Colombia demands a change

We thank God that election day took place in relative calm and we pray that over the next three weeks the campaign and voting process will take place in peace.
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Colombians go to vote in an elections centre. Several people sit around tables and others vote in cardboard stalls. Two police officers walk through the hall.
Image from the National Police taken on 27 May 2018 during presidential elections.

On Sunday 29 May, Colombia held presidential elections where—for the first time in history—a progressive coalition called the Historic Pact obtained the largest number of votes. Gustavo Petro, the candidate of the Historical Pact, began his political activism by taking up arms and joining the M19 guerrilla group in the late 1970s. After his demobilization, he was elected to several public office positions serving as a senator and later as mayor of Bogotá. The vice-presidential candidate of the Historic Pact, Francia Marquez, is an Afro-Colombian woman who grew up in the midst of poverty and the violence of war. From a very young age, she assumed leadership to defend the rights of her community and the environment.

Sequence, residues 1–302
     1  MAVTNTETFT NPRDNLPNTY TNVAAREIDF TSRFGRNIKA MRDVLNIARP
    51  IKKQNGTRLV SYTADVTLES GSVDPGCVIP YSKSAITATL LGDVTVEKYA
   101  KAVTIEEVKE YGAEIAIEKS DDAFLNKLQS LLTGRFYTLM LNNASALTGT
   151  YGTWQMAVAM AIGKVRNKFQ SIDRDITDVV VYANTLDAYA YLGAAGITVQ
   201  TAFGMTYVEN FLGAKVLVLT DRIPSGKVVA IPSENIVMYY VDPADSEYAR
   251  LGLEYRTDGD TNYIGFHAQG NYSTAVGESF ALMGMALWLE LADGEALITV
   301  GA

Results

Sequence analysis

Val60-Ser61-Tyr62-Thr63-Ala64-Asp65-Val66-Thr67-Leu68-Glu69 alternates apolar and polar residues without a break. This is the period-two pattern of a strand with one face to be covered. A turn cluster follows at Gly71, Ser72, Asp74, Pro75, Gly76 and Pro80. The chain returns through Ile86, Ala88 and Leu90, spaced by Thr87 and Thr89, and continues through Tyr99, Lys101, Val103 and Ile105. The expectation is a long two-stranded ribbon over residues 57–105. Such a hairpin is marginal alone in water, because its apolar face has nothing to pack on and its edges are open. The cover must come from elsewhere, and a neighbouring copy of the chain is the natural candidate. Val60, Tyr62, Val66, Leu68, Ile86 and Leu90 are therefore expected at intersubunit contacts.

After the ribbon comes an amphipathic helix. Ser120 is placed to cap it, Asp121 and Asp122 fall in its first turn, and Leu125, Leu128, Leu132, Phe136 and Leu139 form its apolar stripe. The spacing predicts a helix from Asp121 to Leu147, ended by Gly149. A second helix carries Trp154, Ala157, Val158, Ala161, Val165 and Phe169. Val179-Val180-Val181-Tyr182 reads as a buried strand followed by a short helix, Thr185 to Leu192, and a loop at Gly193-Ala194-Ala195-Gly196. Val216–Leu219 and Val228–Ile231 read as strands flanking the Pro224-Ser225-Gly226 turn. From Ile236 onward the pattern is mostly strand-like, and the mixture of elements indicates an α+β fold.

Second place in the elections went to Rodolfo Hernandez, a millionaire businessman who uses populist, xenophobic, sexist and homophobic language and says he is tired of traditional politics and corruption. He is currently accused of corruption by the National Prosecutor’s Office. Several media outlets have compared him to Donald Trump.

The electoral system in Colombia stipulates that if no candidate gets 51% of the vote in the first round, the two candidates with the highest number of votes will go to a second round that is scheduled for 19 June.

The results have sent a clear message that Colombian society is tired of the traditional parties and powers that have ruled for decades. They want a change.

We thank God that election day took place in relative calm and we pray that over the next three weeks the campaign and voting process will take place in peace.

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